Information About Play-along Accompaniments

Ideally, all of the pieces for cello and accompaniment available in the Repertoire Library will come either with a play-along accompaniment audio file or with a link to another website from where this audio file can be obtained. If the audio accompaniment is made by, then it will be downloadable for free on this site.


Learning to play an instrument (or a piece of music) requires many hours of solitary dedication. This is unfortunate: not only is it not very enjoyable to play music all on our own, but it can also even be unhealthy, both musically and socially. Playing with real, live musicians is much more fun than playing with prerecorded ones, but when we have nobody else to play with, a prerecorded accompaniment is a better companion than silence or a metronome. From a social point of view, playing with a pre-recorded accompaniment is no different to practicing alone, but from a musical point of view, it is much healthier than playing alone. The pre-recorded accompaniment allows us to hear all the music – not just our own voice. This is absolutely essential if we are to understand a piece musically and not just play it like a metronomic autistic prima-donna machine. To get an even better appreciation of what is going on in the accompaniment it can be very useful to simply listen to it, without playing a single note on the cello:  we can just sing the cello part or imagine ourselves playing it.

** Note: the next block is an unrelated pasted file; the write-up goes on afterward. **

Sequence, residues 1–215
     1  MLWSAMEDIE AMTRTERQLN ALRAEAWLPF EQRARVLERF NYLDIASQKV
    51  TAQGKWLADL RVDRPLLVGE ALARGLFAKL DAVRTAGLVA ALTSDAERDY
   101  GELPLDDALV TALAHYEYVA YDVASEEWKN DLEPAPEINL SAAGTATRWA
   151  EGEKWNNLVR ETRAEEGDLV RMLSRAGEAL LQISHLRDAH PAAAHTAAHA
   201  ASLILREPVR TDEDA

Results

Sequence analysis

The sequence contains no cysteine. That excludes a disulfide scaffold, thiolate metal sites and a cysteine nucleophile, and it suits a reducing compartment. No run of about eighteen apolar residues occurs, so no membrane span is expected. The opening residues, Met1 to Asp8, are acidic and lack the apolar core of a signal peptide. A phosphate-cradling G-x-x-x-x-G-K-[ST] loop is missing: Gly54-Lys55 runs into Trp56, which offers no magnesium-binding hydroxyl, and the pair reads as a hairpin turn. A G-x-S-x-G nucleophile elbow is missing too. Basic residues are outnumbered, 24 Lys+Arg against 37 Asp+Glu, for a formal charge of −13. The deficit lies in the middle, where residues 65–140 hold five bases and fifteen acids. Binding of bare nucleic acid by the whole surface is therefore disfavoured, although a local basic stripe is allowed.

Most of the accompaniments offered on this site are made by and use considerable rubato. We wanted them to be as musical, as human and as expressive as possible. Sometimes, to avoid the need for an intrusive click-track (metronome), extra notes have been added to the accompaniments in order to make the cello entries (and the rubato) absolutely clear. These extra “musical references” are indicated in the cello parts. By avoiding clicks and other non-musical noises in the accompaniments, we can actually use these accompaniment tracks to perform with when we have no accompanist.


Changing the speed of the accompaniments is easy. The “Amazing Slowdowner” from is a truly excellent program and costs around 40€. This program can also change the key of the accompaniment as well as alter (fine-tune) the basic pitch (A = 440hz or any other pitch we want). An alternative free option for speed changes can be found at


Many of these now exist, with different degrees of quality and success. There are more sites available for vocal music than for instrumental music. Here is a list of some of them. For instrumental music, is one. Unfortunately the click-tracks here can be quite disturbing, and sometimes I wonder if it is a computer playing rather than a real pianist. has a huge library of both scores and play-along accompaniments which can be accessed for free after paying a small annual fee. The accompaniments are MIDI files so the sound quality is not sufficient for performance but perfectly adequate as an aid to learning our pieces.